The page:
If you’ve strolled down the greeting card aisle in your grocery or mass-merchandise store lately, you’ve probably noticed that there are more and more cards that are square that are available to purchase. And, if you look a bit more closely at the envelopes that come with these cards, you’ll likely see the words, “Extra Postage Required.”
Why would a square envelope cost more to mail? And how much more postage will you need to mail a square card?
The US Postal Service charges a “nonmachinable surcharge” for square cards and envelopes (as it does with other oddly-shaped envelopes. Yes, you can mail a triangular letter too, but it’s going to cost you more!) The 2011 nonmachinable surcharge is 20 cents for the first ounce. If you are simply sending a card, or if you are enclosing a check or something else that doesn’t bring the card’s weight over one ounce, then you can just add 20 cents’ worth of postage to be sure that the envelope will not be returned for postage (which may take a few days, and if you are cutting it close sending out a birthday or anniversary card, it may end up being late) or, perhaps worse, held at the receiving post office until the recipient pays the additional postage.
Why does the Postal Service charge more for square envelopes? Blame it on the mail sorting machines. A rectangular envelope will always enter the sorting machine on one of it’s longer sides. The machine then locates the stamp, which will either be on the upper right corner, or, if the envelope is upside down, on the lower left corner. If the letter entered the machine backward, the machine will still recognize the stamp. Then the machine knows to rearrange the letter – which will only take up to two motions (turned over 180 degrees if it is upside down, flipped over if it is backward, or flipped and turned if it is both upside down and backward.) Then, the next part of the sorting machine can read the address and route the envelope appropriately.
With a square envelope, there is no long side for the envelope to automatically land on. If it happens to land with the stamp on the top right or bottom left, forward or backward, it is fine and can be sent on it’s way. However, if it goes into the machine sideways, it would potentially take more steps to get it adjusted properly in order for the machine to read it. Since the post office sorts so much mail, it is easier for the machine to simply remove the square envelope from the sorter, along with the other nonmachinable letters (where the address is written parallel to the shorter side of a rectangular envelope, or the address is unreadable by the machine due to poor penmanship or simply light ink, for instance.) Then, a human will manually key in the address, a machine will spray a barcode onto the letter, and it will be put back into the system where it is routed to the appropriate post office.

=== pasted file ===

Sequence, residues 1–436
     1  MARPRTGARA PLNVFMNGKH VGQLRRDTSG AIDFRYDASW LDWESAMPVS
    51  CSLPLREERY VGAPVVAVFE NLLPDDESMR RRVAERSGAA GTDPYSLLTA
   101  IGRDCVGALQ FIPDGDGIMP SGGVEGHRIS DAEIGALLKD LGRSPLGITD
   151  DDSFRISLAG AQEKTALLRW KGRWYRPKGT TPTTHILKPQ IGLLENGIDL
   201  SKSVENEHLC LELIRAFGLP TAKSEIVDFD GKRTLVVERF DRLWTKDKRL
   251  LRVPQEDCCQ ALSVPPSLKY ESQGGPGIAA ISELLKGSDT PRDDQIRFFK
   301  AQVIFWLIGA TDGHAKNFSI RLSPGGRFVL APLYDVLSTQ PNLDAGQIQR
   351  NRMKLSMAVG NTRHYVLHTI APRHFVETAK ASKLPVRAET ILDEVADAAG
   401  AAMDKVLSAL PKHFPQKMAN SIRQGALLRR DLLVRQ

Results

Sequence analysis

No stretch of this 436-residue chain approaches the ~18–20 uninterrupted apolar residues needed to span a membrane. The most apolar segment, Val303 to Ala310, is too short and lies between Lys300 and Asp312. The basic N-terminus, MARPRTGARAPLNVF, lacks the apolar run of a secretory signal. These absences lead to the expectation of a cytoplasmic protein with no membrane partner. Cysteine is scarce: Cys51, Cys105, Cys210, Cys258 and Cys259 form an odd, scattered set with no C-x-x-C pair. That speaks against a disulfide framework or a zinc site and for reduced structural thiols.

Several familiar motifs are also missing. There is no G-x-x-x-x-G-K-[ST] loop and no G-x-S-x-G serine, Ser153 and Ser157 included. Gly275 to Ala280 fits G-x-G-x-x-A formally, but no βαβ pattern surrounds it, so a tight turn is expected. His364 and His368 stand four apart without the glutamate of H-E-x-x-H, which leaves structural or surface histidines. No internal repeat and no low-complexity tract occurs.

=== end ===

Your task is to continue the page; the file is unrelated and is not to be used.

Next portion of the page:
A human dealing with an envelope costs the Postal Service more than 10 times what it would cost if the envelope was machinable. Thus the need for an additional cost.
Most people simply put two stamps on these square pieces of mail and go about their business. They’ve overpaid a bit, but for some, the hassle of going down to their local post office and standing in line to pick up a 20 cent stamp simply isn’t worth it.
However, if you are mailing the card from your residence (and not a blue US Postal Service drop box, or a communal apartment complex box), you can simply put the card in your mailbox with one stamp (assuming you are using the Forever stamp, which is currently worth 44 cents) already on the card, and put 20 cents on top of it, and include a note to your mail carrier that you need an additional 20 cents added in postage, and your mail carrier will take your card back to the post office and affix the stamp for you. This is a job requirement for mail carriers, so even if you claim that yours is mean and wouldn’t do this, they are required to do so.
There is also a 64 cent stamp intended for use with nonmachinable letters, so you could put the unstamped card in your mailbox with 64 cents (or $1 – your mail carrier will bring you change.) If you are planning to mail more than one square card, say, for wedding or birthday invitations, or announcements of some kind, it would probably be best to purchase a sheet of 64 cent stamps. Your mail carrier can assist you with this, or you can go to usps.com and purchase them there.
You can also put a note – with a check or cash attached – in your mailbox requesting a sheet of 10 cent stamps, if you’d prefer to do the stamping yourself. Mail carriers also have pre-printed orange envelopes for use in purchasing stamps from them directly, so you can ask for one of these as well.
Luckily, many square card manufacturers are now producing rectangular envelopes for use with their square cards to eliminate the need for additional postage. However, if you find yourself with a square envelope to mail, you now know what it costs to get it to it’s intended recipient.